By Lisa Johnston
New products on display at the American International Toy Fair, held in N
In most cases when we underestimate, we lose.
Underestimate your inventory and you lose sales. Underestimate your staffing needs and you lose sales. Underestimate customer response to an ad and you lose sales. Underestimate an opponent and more often than not you lose sales.
In today's competitive environment no one can afford to lose sales or, more importantly, current and future customers. In most cases the typical reaction to these situations is that we get frustrated or even upset. And why shouldn't we? It has just cost us sales, profit and, more critically, customer loyalty.
But what amazes me most is that we don't get frustrated or upset when we underestimate our employees' abilities, which happens quite often. No, we don't have that same reaction, although we should, because when we underestimate our people we get:
Lower customer loyalty
Higher customer returns
Higher associate turnover
All of this happens, but we don't get frustrated. Why? Maybe we don't recognize it when we are doing it. Or is it because this issue is harder to quantify in terms of missed sales and profit, so it does not stand out? Whatever the reason, what we fail to recognize is that someone does get very frustrated about this, and that person is the associate.
I have yet to work for or with a company that has not done this at some point. I have been guilty of it in my own career. How many times have you caught yourself saying things like "They can't handle it;" "We don't want to overwhelm them;" "They won't understand it;" or "It's over their head."
Yet when we set low expectations, employees, surprisingly, never fail to meet them. The cost to the company is far greater than any of the circumstances listed up top, as now the associate, the person who takes care of our customers, feels frustrated.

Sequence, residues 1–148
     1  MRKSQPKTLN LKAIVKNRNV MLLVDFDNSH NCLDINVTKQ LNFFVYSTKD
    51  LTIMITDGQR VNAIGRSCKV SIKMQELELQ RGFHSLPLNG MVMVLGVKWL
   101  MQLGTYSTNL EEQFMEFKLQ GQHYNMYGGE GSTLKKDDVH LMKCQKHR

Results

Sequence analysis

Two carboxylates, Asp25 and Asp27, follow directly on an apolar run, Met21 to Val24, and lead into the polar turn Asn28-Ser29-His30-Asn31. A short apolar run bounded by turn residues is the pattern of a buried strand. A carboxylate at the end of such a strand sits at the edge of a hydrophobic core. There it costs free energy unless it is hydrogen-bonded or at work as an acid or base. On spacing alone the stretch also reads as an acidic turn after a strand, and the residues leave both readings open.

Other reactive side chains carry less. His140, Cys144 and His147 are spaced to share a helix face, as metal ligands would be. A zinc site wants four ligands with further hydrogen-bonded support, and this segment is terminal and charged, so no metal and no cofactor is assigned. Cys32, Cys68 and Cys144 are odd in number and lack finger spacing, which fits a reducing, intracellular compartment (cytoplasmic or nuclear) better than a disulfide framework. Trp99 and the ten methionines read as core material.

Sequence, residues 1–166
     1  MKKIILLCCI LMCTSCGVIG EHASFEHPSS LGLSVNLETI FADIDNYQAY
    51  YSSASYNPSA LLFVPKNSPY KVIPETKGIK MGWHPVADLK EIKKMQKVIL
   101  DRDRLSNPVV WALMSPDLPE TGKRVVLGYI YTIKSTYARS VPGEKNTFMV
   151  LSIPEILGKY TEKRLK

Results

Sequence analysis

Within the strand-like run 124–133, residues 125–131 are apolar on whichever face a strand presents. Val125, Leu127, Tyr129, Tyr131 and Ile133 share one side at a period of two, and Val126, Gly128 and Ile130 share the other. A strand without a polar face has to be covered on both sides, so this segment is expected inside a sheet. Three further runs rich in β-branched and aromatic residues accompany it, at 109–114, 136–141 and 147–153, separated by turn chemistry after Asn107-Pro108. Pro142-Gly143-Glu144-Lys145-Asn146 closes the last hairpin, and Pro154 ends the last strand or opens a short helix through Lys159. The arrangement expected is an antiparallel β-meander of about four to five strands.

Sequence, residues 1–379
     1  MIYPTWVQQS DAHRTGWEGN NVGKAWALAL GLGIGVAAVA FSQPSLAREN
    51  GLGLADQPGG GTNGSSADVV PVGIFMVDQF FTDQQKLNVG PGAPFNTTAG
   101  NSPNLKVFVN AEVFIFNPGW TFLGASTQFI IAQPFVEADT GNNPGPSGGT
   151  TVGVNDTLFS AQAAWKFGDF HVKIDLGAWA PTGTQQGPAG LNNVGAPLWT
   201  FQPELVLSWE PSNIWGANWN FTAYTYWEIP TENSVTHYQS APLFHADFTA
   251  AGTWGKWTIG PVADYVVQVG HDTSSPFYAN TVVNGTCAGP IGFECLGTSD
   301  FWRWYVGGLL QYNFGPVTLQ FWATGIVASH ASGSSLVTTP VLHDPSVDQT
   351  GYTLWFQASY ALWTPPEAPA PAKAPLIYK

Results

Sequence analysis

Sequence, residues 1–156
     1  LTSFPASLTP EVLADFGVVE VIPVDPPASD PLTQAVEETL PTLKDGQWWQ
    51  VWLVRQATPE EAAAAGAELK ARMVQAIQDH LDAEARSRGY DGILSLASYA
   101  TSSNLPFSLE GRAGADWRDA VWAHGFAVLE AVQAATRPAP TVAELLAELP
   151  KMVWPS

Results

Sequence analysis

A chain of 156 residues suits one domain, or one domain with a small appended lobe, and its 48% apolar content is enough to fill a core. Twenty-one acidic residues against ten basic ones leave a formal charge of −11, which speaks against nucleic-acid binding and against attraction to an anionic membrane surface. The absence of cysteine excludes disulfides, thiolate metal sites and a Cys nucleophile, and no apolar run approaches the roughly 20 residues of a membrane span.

Every company wants to improve sales and profits, but many wrongly figure it is too difficult for their associates to comprehend. Maybe the problem isn't our people — perhaps the real problem is that we don't know our people. For example:
"Mary" works full time and is a mother of four. At home she balances the checkbook, budgets the family expenses and is constantly searching for how to stretch the family dollar. Do you think she can understand margin, payroll and expense control?
"Bob" works part time and attends school. He is a math major with a minor is statistics. Sales, margin and profit is all in the math — don't you think Bob would comprehend?
"Sarah" is recently divorced. She was the accounting manager at her last job and is a member of Toastmasters International, the oral communication and leadership training firm. Accounting manager means she has managed others, and joining Toastmasters shows initiative to better oneself and relates well to training and management skills. What is her potential?
Do you recognize any of these people? You should, because they're out there working in your store right now. If you feel your employees can't handle it, it's probably because you don't know them well enough. Most people want to prove their value to the organization with the hope of recognition and advancement. Are you're providing those opportunities?
Don't use your people to do a job; utilize their abilities to maximize potential for you, your company, the customer and most importantly them.
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